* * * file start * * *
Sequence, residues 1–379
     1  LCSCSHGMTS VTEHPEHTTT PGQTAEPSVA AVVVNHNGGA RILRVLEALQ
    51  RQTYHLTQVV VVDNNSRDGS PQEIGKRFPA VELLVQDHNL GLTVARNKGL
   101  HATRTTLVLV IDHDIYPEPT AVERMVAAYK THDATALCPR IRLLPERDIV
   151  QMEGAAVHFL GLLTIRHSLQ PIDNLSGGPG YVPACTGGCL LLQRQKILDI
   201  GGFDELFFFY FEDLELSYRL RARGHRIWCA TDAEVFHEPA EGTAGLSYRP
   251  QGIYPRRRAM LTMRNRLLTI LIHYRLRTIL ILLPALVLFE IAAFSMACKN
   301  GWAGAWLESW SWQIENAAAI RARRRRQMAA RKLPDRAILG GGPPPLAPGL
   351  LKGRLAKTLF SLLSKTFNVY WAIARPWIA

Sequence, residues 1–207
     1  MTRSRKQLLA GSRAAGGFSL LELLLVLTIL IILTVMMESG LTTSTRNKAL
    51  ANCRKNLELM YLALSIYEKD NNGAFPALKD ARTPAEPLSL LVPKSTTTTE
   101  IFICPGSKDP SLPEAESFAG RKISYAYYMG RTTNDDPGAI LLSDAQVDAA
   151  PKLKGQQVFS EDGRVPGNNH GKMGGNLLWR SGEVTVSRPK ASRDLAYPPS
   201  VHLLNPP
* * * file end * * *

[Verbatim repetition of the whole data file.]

Sequence, residues 1–379
     1  LCSCSHGMTS VTEHPEHTTT PGQTAEPSVA AVVVNHNGGA RILRVLEALQ
    51  RQTYHLTQVV VVDNNSRDGS PQEIGKRFPA VELLVQDHNL GLTVARNKGL
   101  HATRTTLVLV IDHDIYPEPT AVERMVAAYK THDATALCPR IRLLPERDIV
   151  QMEGAAVHFL GLLTIRHSLQ PIDNLSGGPG YVPACTGGCL LLQRQKILDI
   201  GGFDELFFFY FEDLELSYRL RARGHRIWCA TDAEVFHEPA EGTAGLSYRP
   251  QGIYPRRRAM LTMRNRLLTI LIHYRLRTIL ILLPALVLFE IAAFSMACKN
   301  GWAGAWLESW SWQIENAAAI RARRRRQMAA RKLPDRAILG GGPPPLAPGL
   351  LKGRLAKTLF SLLSKTFNVY WAIARPWIA

Sequence, residues 1–207
     1  MTRSRKQLLA GSRAAGGFSL LELLLVLTIL IILTVMMESG LTTSTRNKAL
    51  ANCRKNLELM YLALSIYEKD NNGAFPALKD ARTPAEPLSL LVPKSTTTTE
   101  IFICPGSKDP SLPEAESFAG RKISYAYYMG RTTNDDPGAI LLSDAQVDAA
   151  PKLKGQQVFS EDGRVPGNNH GKMGGNLLWR SGEVTVSRPK ASRDLAYPPS
   201  VHLLNPP